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Judge Blasts Southwark Council For Evicting Sudanese Tenant And Destroying All Of His Possessions

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http://www.independent.co.uk/news/uk/crime/judge-blasts-southwark-council-for-evicting-sudanese-tenant-and-destroying-his-possessions-9796994.html

Housing officers conspired to unlawfully evict a Sudanese refugee from his council flat and destroy his possessions, including memory sticks holding thousands of hours of work, before then covering up their wrongdoing, a judge has ruled.

The victim, who was granted British citizenship after fleeing Sudan’s civil war in 1985, was made homeless for a year and forced to sleep on the streets after officials acting for Southwark Borough Council entered his home while he attended a court hearing in April last year over rent arrears of £18 per week.

All his possessions, including his passport, credit cards, furniture and computer equipment containing several years of research and personal material, were removed on the day of the eviction and destroyed in a waste disposal facility.

In a swingeing ruling, a High Court judge found that housing officers entered into a conspiracy to “harm” the man, known only as AA, by securing his eviction from his flat in Peckham, south London, and then conceal their actions from investigators.

Judge Anthony Thornton QC said: “The various officers conspired to evict AA by unlawful means, to seize and destroy his possessions by unlawful means and to cause him harm and loss by evicting him and dispossessing him of his possessions.”

In his own complaint, AA, who had sought £2.4m in damages, said he felt he had been “robbed of my dignity and pride” by the local authority.

Southwark, which is London’s largest social landlord with 40,000 properties, and which bills itself as providing a “great place” for its tenants to live, admitted that it had “got things very wrong” when dealing with AA.

But the local authority refused to say whether three officials singled out for particular criticism - income officer Christiana Okwara, her line manager Brian Davis, and resident officer Johanna Ashley - were still employed.

Incredible and the council won't even tell taxpayers if these individuals are still employed by them!

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"In a swingeing ruling, a High Court judge found that housing officers entered into a conspiracy to “harm” the man, known only as AA, by securing his eviction from his flat in Peckham"

Was it a lawful eviction or not?

All evictions harm people. That's the point. Removing someone from the property they refuse to pay rent on is going to 'harm' them.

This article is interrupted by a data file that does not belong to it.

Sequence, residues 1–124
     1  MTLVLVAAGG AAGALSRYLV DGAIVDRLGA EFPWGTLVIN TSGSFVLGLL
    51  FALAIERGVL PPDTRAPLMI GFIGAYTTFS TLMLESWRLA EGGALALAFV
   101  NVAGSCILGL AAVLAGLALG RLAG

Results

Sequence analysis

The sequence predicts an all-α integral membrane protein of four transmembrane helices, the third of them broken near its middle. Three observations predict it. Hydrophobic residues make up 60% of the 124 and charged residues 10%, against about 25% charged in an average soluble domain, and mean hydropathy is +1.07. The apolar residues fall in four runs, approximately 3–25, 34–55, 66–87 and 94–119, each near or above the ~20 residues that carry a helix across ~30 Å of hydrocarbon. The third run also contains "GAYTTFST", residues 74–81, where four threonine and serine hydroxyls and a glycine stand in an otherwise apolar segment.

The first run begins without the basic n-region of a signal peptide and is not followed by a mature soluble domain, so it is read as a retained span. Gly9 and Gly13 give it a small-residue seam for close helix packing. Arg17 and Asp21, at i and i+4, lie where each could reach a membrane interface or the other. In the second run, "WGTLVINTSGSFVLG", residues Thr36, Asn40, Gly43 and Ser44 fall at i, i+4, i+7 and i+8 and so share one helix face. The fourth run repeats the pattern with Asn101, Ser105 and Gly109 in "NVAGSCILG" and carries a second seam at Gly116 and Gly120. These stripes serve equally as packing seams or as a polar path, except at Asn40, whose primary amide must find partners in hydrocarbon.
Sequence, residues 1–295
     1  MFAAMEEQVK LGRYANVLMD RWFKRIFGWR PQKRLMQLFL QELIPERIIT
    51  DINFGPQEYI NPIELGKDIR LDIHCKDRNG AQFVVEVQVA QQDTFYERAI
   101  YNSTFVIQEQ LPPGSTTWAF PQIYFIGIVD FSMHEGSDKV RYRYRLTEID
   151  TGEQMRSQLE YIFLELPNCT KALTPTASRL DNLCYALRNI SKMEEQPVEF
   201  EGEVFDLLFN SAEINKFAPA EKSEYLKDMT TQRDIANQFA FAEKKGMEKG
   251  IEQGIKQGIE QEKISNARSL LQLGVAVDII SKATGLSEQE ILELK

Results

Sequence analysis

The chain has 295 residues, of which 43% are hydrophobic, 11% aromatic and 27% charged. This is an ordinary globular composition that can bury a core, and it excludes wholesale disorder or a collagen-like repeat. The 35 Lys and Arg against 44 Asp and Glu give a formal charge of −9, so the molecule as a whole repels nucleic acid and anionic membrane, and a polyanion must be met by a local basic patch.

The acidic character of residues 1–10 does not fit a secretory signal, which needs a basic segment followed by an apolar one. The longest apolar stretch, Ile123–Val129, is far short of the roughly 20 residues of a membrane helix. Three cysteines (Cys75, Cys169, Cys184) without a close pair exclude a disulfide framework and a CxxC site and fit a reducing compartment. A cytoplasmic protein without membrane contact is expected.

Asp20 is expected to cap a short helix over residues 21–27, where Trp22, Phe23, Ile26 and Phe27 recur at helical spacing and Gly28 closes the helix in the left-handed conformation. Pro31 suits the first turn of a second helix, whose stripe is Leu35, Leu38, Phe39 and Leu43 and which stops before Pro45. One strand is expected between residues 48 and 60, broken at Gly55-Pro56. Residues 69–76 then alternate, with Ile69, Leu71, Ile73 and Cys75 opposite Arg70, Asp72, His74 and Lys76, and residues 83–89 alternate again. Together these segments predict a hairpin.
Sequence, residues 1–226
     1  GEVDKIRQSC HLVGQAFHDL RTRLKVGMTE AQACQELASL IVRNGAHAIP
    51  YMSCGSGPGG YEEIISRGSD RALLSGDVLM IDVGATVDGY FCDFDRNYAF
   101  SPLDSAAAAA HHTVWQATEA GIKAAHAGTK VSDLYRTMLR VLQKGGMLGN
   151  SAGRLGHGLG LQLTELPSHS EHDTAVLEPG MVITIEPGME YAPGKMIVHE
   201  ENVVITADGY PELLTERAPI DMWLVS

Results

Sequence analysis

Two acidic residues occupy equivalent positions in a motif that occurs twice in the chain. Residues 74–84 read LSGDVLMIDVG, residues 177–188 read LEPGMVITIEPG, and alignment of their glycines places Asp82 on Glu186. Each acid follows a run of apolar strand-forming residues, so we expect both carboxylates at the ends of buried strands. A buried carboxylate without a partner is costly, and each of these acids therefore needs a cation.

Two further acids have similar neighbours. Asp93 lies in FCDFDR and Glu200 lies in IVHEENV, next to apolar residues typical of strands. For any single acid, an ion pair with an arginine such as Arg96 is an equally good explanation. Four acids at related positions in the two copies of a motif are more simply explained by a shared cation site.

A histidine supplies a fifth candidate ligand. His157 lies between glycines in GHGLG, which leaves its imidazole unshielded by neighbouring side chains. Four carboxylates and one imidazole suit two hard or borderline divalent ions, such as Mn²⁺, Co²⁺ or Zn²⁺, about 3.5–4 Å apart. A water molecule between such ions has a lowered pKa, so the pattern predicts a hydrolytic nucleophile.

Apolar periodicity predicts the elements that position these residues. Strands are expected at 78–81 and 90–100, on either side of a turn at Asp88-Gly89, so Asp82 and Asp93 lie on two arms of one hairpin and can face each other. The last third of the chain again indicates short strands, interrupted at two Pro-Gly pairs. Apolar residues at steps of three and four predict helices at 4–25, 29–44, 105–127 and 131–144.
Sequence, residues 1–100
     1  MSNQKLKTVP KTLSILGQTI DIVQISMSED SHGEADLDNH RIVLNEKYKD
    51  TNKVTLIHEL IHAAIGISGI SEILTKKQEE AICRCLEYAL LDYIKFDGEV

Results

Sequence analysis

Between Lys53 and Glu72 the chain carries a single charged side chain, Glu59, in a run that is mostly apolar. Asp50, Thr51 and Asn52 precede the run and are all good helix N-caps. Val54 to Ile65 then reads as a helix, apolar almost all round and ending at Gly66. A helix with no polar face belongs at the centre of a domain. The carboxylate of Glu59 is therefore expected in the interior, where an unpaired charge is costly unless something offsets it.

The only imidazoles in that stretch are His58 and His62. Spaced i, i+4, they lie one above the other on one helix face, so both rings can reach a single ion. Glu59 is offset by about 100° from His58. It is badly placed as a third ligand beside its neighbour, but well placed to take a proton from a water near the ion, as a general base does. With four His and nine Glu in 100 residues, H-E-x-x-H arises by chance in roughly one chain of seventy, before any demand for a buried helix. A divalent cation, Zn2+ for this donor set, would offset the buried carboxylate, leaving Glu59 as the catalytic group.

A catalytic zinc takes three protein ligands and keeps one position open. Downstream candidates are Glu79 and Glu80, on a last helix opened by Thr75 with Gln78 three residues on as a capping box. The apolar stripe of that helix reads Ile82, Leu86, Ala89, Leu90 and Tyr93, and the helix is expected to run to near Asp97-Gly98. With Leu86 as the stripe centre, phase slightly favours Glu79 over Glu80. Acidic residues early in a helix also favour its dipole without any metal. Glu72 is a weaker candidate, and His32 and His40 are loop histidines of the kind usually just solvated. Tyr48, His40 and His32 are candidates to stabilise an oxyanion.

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"In a swingeing ruling, a High Court judge found that housing officers entered into a conspiracy to “harm” the man, known only as AA, by securing his eviction from his flat in Peckham"

Was it a lawful eviction or not?

All evictions harm people. That's the point. Removing someone from the property they refuse to pay rent on is going to 'harm' them.

A good point, but a state sanctioned "correct" killing isnt murder either...fail to cross a T or tick the right box and lawful becomes unlawful.

You cant argue with a "correct" system.

but it appears, a penniless man can sue a system that is shown not to be so.

As you say, the end result is the same for the man at the time...misery.

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"In a swingeing ruling, a High Court judge found that housing officers entered into a conspiracy to “harm” the man, known only as AA, by securing his eviction from his flat in Peckham"

Was it a lawful eviction or not?

All evictions harm people. That's the point. Removing someone from the property they refuse to pay rent on is going to 'harm' them.

A good point, but a state sanctioned "correct" killing isnt murder either...fail to cross a T or tick the right box and lawful becomes unlawful.

You cant argue with a "correct" system.

but it appears, a penniless man can sue a system that is shown not to be so.

As you say, the end result is the same for the man at the time...misery.

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A good point, but a state sanctioned "correct" killing isnt murder either...fail to cross a T or tick the right box and lawful becomes unlawful.

You cant argue with a "correct" system.

but it appears, a penniless man can sue a system that is shown not to be so.

As you say, the end result is the same for the man at the time...misery.

An eviction process takes time and you get chance to speak in court to give a defence. If you have none then you should seek help in packing up your stuff and moving it before the property is returned to the landlord.

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An eviction process takes time and you get chance to speak in court to give a defence. If you have none then you should seek help in packing up your stuff and moving it before the property is returned to the landlord.